Yeah, we definitely did look at it as a full body of work and just with the theme of driving and the journey, it definitely brought the songs together as one. Lyrically, Rollo who writes the lyrics definitely drew on the idea of the songs being written from the point of view of a passenger on a journey so that’s what ties it all together. Sonically we didn’t set too many boundaries, we’d just go with whatever felt right.

So it sounds like you enjoy being on the road?
Yeah big time, playing live is a huge part of the sound for us and something we wanted to take into the studio. We wanted to sound like it’s us on stage performing a show. We keep things very DIY, we drive ourselves a lot of the time and Mike who we did the album with does the sound for us, it’s a very small little family that we take on the road with us. As soon as we finish playing a show we’re at the merch stand selling all our merch and chatting to fans. We try and cover as much as possible just between the four of us really.
It’s always awesome being out on the road, we’re heading out again this month in Europe and then UK in May and then we’re excited to be going to America because it’s going to be our first time going over there so yeah lots of touring to be done for this album.

Did you have more creative freedom on this album as opposed to previous EP’s?
In terms of the writing we’ve always tried not to have too much structure to how things evolve, the songs can come from anywhere, a drum beat, guitar riff, vocal line so many different avenues. I think with this album we wanted to keep it as live and rough and ready as possible, production wise we didn’t add too much in the studio, we really wanted to keep it just the four of us playing together. Creatively, I suppose we did try and few new routes but nothing too crazy from what we’ve done before, we always like to experiment with lots of different effects, guitar wise lots of delay, reverb and things like that but yeah nothing too out the box, definitely still within the realms of the ISLAND sound.

Is keeping your signature sound something you’ll consider on your next album?
Interestingly since we got back from Christmas we’ve actually been writing quite a lot. We don’t know whether it’s going to be an EP or an album we haven’t talked about that yet but just in terms of what’s coming out it is a progression from the album already it’s got a bit of a darker vibe without giving too much away.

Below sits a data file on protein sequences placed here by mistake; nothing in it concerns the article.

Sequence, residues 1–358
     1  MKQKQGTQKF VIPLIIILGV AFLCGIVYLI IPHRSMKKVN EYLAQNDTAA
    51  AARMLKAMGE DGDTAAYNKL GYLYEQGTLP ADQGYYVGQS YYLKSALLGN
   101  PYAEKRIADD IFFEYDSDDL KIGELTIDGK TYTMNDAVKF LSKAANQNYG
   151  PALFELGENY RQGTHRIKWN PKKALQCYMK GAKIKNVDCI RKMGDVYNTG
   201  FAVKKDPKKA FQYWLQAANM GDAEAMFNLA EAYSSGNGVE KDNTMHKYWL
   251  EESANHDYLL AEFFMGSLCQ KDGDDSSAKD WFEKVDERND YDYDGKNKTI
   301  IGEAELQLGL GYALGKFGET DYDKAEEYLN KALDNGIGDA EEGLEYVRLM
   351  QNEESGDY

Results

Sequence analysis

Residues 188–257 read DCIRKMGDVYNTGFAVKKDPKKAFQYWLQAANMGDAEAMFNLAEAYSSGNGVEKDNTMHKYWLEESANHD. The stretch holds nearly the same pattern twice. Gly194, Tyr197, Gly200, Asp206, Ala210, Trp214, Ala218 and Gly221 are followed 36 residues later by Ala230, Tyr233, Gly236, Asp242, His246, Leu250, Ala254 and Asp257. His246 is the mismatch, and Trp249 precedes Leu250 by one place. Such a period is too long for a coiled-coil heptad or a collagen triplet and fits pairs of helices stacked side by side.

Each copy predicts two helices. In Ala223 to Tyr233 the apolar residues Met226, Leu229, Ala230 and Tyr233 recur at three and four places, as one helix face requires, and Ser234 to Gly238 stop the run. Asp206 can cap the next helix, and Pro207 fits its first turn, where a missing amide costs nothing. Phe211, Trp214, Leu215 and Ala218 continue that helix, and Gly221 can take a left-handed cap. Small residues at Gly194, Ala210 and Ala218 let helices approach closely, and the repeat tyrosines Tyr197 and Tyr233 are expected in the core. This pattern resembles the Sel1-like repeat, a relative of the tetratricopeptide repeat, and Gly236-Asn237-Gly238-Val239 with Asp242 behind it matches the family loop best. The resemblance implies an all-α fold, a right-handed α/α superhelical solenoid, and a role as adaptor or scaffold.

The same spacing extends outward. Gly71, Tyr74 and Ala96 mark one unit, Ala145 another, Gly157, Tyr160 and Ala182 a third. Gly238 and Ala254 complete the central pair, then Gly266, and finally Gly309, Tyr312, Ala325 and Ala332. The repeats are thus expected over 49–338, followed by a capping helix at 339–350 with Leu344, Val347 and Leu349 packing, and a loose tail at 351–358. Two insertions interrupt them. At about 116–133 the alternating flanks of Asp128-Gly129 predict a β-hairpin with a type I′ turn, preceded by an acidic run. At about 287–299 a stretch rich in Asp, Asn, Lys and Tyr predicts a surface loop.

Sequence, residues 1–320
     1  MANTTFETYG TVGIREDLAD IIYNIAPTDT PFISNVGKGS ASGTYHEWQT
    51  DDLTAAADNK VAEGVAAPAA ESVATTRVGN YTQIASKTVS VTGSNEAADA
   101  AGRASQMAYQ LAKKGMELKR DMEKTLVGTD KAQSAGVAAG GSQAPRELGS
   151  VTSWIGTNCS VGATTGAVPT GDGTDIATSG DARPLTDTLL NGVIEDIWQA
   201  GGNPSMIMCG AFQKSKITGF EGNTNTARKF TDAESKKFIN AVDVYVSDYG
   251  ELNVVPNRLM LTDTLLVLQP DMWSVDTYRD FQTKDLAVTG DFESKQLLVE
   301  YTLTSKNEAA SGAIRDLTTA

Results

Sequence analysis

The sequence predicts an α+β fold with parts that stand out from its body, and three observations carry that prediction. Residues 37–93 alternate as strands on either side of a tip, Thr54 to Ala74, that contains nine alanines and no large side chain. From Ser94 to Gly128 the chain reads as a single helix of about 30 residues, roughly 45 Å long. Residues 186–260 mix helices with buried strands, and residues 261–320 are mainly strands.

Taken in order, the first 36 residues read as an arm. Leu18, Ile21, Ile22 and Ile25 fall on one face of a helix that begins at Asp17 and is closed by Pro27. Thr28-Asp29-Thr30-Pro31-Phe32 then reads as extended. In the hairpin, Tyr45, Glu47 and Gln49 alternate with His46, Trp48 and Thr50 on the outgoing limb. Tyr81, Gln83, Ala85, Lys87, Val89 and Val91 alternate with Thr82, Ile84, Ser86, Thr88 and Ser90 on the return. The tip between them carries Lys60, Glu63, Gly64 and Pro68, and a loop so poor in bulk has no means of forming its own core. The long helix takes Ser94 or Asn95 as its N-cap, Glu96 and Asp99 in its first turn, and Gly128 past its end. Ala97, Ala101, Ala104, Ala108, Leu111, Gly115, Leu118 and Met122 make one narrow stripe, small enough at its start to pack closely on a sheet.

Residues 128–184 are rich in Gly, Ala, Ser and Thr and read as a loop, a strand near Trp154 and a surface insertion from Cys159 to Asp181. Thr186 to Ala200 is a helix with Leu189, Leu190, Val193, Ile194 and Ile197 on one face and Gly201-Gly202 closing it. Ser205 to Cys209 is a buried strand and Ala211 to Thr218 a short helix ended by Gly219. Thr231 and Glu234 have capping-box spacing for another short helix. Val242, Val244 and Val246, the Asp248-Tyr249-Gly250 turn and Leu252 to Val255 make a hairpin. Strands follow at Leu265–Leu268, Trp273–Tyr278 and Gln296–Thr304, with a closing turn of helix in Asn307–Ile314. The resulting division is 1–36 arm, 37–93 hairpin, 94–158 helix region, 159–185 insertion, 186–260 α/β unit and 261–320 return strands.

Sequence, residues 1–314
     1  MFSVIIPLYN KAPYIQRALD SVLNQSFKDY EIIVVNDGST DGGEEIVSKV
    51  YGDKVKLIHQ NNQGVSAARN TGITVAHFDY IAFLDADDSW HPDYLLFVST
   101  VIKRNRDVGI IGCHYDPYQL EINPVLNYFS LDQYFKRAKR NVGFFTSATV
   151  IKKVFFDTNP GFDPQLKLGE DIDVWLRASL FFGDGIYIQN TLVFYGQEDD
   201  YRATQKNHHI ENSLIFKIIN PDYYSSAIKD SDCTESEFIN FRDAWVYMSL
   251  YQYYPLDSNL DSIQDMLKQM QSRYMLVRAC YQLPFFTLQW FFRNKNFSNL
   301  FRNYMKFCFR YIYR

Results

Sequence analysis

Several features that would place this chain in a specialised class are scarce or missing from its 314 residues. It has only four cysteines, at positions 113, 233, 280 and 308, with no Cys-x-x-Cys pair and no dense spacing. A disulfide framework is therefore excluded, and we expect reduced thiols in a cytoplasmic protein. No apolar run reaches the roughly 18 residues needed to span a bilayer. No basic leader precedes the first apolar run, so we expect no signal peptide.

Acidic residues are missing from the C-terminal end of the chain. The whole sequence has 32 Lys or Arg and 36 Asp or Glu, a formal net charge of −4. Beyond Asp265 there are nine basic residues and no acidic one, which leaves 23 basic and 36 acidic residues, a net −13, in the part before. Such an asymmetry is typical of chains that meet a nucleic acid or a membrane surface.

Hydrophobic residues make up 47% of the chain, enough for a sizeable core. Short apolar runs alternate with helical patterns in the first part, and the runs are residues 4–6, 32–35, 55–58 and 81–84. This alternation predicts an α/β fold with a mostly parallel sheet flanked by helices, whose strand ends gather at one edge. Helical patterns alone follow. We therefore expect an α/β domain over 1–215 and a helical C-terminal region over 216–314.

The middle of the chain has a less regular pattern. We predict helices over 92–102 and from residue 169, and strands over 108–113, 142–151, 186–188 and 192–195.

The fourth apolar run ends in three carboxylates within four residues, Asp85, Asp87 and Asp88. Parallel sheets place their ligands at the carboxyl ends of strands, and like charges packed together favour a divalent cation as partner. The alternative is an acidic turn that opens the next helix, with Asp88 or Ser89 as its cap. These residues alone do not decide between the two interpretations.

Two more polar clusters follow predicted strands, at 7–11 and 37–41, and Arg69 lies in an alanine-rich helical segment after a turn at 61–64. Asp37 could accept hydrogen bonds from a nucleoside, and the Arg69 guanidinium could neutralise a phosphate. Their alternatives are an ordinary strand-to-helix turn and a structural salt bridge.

What’s your FAULT?
I would say I have quite bad OCD, especially on tour. I get a bit funny about cleanliness on the road in the van, small little things like socks being on the seats or something. I’m also obsessed with driving whilst the others are resting up for the show. I like to take the wheel and love driving through the mountains in Europe but probably a bit too much that I end up knackered just before a show.

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FAULT Weekly Playlist: KODA

The grandson of a famous Haitian singer and a self-proclaimed vagabond, Koda channels his free-spirited personality in his music. Initially crafted as a side-project, Koda’s penchant for hook-laden ambient dream pop caught the attention of over 20 million streams and with it, calls from music supervisors all over the world.

That success led to the a one-way ticket from Colombia to Los Angeles, where Koda would spend the next few years buried in the studio, writing 100s of songs as he developed what would eventually become his? ?debut LP,? ?i? ?hope? ?this? ?makes? ?us? ?better?.? ?The project marks a return to his rock roots, a blend of vocals-driven neue-gaze, post-rock, and alternative electronica.

We asked Koda to put together a playlist of tracks that inspire him, including some music he picked up on while living on Colombia to b-sides from hip hop stalwarts OutKast. Tune in below.

Soft Hair – Lying Has to Stop

I am OBSESSED with this song. It’s pure bouncy, bubbly fun. It has this absurdist youthful Spongebob aesthetic to it- it’s actually insane, and the lyrics are so pointed and goofy. Connan Mockasin is a genius; I saw him once at UCLA, and halfway through his set he brought out Sergio Flores (the sexy sax man) and he was shooting roses into the crowd from his saxophone, it made so much sense. Everyone is sleeping on this song – it’s the only thing that makes sense in this fucked up reality.